Mrs. Anna Shaw dreaded Saturdays, though if you asked her why, she wouldn't have known exactly what to say. "Dinner just doesn't feel right," she might say, tugging thoughtfully at he ... [+]
Either way, she regretted agreeing to a route that lacked multiple exit points, one that prevented her from feigning illness whenever she wanted and taking off in the opposite direction after a speedy apology.
On the dating app, she had asked him what he did.
I doubt you want to hear about it.
Anna said she did, but felt badly about making him explain his job, so quickly texted that he didn't have to and she could Google it and no worries. He said cool and didn't say anything else until she texted him a day later about the dinner she made from the remainders of a Fresh Direct order in her fridge and how she should be on that cooking show with the name she couldn't remember where all the contestants had to make a meal with a mystery ingredient, except she would lose because she didn't know anything about plating, so maybe she shouldn't go on that show after all.
What is that show called?
Henry had suggested walking the bridge from Brooklyn to Manhattan. It was too cold to sit outside at a restaurant, and on weekends Prospect Park was overrun with socially distanced birthday parties for toddlers whose parents used their two-year-olds as an excuse to drink in public. He had reluctantly been to one of these already, a lavish to-do hosted by his coworker for a newborn who never showed.
So here they were, attempting to carry on a conversation from beneath their masks within the brief intervals of silence before the D, N, or Q trains shuddered up behind them, roaring and sputtering and clang clanging over anything they said.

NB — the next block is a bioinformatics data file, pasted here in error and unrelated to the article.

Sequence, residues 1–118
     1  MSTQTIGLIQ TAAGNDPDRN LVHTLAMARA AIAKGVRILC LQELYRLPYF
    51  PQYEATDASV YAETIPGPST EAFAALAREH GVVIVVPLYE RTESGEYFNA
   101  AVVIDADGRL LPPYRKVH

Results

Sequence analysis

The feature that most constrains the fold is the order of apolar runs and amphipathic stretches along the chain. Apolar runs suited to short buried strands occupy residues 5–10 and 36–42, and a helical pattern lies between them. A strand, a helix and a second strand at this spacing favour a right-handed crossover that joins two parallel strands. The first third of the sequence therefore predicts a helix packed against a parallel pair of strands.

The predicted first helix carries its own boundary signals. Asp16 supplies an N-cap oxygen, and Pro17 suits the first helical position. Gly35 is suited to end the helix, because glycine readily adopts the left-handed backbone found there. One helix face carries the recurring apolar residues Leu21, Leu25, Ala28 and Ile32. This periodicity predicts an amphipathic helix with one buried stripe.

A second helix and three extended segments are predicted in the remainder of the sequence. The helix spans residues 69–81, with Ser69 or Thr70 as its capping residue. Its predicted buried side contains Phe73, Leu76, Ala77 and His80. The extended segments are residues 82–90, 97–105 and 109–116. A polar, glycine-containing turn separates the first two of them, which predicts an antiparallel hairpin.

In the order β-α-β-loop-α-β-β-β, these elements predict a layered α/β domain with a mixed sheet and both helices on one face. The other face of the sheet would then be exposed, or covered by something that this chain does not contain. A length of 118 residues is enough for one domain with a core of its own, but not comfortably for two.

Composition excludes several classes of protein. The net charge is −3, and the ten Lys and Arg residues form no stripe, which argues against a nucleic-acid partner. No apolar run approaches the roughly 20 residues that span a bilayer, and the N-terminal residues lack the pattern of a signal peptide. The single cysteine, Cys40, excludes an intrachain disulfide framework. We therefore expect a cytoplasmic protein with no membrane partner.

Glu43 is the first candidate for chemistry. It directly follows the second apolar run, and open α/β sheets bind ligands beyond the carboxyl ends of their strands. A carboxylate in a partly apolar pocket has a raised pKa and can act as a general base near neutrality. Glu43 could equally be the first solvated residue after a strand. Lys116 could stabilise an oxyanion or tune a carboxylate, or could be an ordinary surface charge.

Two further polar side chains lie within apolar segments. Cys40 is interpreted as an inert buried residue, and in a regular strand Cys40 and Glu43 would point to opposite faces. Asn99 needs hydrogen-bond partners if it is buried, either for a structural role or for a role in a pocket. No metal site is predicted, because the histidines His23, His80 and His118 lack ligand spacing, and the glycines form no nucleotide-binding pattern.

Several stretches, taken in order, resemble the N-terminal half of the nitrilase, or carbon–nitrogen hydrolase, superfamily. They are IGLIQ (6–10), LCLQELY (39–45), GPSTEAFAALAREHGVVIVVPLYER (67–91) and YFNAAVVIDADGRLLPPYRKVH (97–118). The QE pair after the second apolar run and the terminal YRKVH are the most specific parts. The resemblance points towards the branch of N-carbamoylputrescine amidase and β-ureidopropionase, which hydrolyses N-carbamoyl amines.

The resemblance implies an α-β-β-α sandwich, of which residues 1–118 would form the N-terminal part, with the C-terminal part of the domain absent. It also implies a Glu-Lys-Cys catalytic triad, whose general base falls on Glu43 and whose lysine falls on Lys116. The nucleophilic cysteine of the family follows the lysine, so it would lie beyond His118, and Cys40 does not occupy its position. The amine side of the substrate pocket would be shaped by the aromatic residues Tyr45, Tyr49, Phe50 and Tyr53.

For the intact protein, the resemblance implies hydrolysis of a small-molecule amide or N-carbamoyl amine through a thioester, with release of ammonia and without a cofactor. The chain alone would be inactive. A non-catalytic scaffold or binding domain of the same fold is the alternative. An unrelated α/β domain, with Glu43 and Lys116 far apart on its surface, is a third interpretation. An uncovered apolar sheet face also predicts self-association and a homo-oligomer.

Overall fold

Henry remembered reading that 75,000 cars and 320,000 subway riders drove over the bridge every weekday. He considered telling Anna, but didn't want her to think that he was some loser who sat at home researching stats about the city.
Instead, he pointed out the spot on the bridge where he once tripped and split his hand open on the pavement.
Anna wanted to tell him that she tripped all the time, that she once slipped on a wet sidewalk while walking to a job interview and had to ask the firm's receptionist for a bandage to stop the blood from pooling around the top of her shoe. She wanted to say that one of the reasons she loved New York was that someone was always nearby to help you get up and hand you back your phone when it flew out of your grasp.
But she stayed silent and gazed at the water below, contemplating what she always did when she crossed the Manhattan bridge—whether she would be more likely to die on impact or drown if she were to make the jump. She thought about asking Henry which he'd prefer, but decided a conversation about suicide wouldn't make her seem like much fun.
Do you like to travel? Not now obviously, but before COVID?
Not really. Do you?
I guess that's something we have in common. Neither of us want to go anywhere.
I'd travel if someone else were doing the planning. I can just never decide where I want to go and get so overwhelmed by all the options. But if someone said, we're going to Scotland on this day for this long and here's our flight information, then I'd be fine.
Henry did not want to go to Scotland.
Neither did Anna.
Another train pummeled toward them. Anna cocked her head side to side in time with each chugga-chugga of the subway's wheels grating against the tracks. Henry imagined brass door hinges hiding under her scarf and thought about what he would tell his parents if someone were to lose their head on a first date.